Habit: a delicate evergreen perennial with trailing vine stems, up to 3 feet long. The semi-woody stems freely root where they touche the ground, usually forming thick mats. Small, firm and shiny leaves grow oppositely along the vines. Each leaf is up to 1 inch long, broadly elliptic to rounded and typically presents shallow teeth along the upper half. A pair of nodding, trumpet-like flowers with lobed pink corollas grow at the tip of a forked flowering stalk. The flowers are fragrant and bloom from early summer to early fall. Its tiny nut-like fruit bear a single seed and are equipped with hooked bristles which are easily caught on the fur of small mammals and feather of birds.
Ecology: inhabits shady, mossy forests or open woods in wet to dry locations at low to fairly high elevations. It is widespread throughout most of the circumboreal lands and higher latitudes of North America, from the Pacific Northwest through the Rocky mountains and Great Lakes, yet its native habitat reaches as far south as California, New Mexico and Tennessee to the east.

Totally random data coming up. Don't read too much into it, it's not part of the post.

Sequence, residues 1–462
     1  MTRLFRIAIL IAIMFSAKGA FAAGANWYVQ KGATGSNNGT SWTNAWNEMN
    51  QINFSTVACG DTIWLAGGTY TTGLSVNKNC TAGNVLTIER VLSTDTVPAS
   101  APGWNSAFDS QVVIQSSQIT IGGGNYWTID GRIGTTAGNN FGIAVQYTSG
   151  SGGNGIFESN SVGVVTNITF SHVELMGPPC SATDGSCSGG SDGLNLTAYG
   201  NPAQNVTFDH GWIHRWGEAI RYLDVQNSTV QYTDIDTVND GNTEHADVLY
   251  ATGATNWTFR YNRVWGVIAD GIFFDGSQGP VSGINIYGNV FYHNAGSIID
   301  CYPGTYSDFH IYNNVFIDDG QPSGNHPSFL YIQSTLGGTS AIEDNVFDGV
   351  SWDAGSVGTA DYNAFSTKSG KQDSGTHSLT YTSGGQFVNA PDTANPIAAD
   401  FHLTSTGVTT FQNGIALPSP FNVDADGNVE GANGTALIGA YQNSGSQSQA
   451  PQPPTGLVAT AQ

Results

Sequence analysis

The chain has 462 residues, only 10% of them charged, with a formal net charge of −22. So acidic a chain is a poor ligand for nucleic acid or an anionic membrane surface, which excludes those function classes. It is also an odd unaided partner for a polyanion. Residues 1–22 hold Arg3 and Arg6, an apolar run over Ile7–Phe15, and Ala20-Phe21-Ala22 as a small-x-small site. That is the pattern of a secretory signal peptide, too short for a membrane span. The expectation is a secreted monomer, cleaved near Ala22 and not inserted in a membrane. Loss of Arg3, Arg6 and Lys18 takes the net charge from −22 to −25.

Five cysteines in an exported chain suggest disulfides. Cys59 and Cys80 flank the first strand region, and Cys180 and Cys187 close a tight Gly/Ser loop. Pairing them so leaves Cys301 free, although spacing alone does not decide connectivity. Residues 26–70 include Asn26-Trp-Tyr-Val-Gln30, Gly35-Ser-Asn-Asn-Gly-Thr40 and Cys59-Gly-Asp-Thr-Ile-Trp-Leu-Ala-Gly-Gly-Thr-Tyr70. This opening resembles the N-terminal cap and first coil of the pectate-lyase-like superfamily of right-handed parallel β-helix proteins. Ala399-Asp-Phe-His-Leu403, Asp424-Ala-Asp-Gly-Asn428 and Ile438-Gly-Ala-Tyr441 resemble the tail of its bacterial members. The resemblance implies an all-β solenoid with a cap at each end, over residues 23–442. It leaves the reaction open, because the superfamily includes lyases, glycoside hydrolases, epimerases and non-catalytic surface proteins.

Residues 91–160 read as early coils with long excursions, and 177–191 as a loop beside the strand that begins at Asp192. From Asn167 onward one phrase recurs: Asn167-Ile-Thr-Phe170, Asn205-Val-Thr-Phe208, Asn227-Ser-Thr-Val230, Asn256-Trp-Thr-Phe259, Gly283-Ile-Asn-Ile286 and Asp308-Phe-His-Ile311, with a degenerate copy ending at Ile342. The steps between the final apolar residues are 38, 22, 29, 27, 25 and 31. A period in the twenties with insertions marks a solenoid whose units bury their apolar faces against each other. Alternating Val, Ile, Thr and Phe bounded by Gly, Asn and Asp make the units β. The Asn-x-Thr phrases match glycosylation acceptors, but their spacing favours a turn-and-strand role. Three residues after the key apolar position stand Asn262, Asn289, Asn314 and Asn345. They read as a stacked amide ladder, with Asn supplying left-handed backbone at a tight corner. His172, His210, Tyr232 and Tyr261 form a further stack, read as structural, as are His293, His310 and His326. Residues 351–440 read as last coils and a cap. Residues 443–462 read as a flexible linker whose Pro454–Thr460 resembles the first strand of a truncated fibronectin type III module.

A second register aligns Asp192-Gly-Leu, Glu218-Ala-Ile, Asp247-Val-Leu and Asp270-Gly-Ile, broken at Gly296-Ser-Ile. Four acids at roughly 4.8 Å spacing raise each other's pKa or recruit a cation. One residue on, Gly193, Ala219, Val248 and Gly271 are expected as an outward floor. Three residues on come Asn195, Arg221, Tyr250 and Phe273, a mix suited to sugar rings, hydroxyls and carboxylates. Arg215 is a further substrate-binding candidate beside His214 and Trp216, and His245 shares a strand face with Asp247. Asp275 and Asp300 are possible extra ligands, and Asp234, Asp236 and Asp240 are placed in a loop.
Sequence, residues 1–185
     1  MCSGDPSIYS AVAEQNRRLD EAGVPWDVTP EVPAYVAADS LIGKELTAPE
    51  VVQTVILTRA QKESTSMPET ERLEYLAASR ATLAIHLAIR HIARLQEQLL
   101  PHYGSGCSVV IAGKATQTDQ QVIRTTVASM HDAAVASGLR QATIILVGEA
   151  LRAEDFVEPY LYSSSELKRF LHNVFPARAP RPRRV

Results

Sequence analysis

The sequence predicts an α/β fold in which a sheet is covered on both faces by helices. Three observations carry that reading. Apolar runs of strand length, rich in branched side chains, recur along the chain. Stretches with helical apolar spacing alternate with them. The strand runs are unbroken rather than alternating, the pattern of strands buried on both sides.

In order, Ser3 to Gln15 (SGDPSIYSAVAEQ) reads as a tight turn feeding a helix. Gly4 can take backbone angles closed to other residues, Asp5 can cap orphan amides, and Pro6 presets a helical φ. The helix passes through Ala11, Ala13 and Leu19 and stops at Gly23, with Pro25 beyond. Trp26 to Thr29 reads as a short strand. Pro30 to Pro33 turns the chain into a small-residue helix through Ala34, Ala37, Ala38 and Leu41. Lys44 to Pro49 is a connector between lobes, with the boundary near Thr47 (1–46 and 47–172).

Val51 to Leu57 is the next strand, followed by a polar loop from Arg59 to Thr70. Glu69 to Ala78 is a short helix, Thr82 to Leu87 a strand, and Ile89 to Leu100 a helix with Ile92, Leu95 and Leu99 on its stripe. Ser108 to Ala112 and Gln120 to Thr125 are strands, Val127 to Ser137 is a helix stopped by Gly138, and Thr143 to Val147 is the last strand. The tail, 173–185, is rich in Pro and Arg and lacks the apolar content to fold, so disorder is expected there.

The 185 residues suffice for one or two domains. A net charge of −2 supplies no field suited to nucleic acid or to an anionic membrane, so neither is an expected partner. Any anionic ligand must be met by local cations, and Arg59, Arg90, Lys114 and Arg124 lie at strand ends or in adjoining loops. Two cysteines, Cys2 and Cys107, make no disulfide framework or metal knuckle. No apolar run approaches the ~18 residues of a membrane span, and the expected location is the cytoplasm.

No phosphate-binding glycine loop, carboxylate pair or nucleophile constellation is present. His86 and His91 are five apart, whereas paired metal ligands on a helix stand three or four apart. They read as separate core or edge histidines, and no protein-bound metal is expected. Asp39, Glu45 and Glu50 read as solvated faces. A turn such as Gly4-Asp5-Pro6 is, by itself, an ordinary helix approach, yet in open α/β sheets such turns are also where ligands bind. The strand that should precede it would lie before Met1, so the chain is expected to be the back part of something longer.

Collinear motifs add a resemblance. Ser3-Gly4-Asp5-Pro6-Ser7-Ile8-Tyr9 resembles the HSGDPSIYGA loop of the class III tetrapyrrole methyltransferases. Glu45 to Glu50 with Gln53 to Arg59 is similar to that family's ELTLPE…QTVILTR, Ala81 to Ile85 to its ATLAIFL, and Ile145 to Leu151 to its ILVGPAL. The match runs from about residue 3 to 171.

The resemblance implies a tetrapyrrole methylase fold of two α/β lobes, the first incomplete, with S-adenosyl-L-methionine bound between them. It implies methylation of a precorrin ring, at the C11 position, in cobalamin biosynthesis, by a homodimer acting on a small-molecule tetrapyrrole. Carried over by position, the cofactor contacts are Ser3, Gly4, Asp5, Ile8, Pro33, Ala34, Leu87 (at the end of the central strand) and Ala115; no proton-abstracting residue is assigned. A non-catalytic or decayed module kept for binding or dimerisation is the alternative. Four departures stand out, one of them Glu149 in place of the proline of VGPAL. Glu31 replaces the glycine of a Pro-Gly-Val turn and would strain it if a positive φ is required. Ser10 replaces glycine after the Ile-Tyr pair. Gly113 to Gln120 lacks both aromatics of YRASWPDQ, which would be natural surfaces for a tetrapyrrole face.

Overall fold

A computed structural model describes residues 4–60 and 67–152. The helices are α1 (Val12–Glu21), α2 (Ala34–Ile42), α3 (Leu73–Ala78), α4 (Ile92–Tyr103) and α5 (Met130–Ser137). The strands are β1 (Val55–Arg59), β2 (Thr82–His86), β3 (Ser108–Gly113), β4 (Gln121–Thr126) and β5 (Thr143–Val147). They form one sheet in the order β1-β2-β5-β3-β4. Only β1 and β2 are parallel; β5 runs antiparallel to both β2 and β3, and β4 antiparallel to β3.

Growing conditions: enjoys full shade to dappled light, and moist to rather dry soils. Beautiful as a ground cover in the understory of conifers and taller shrubs, or trailing over a fallen tree. The plant tends to spread quickly but not aggressively.
The scientific name Linneae was chosen in honor of Carl Linnaeus, a Swedish botanist and physician known as the Father of Taxonomy. Linneae boreallis was reportedly his favorite flower and is the only plant in the genus. The species epithet borealis refers to the plants northern geographic distribution.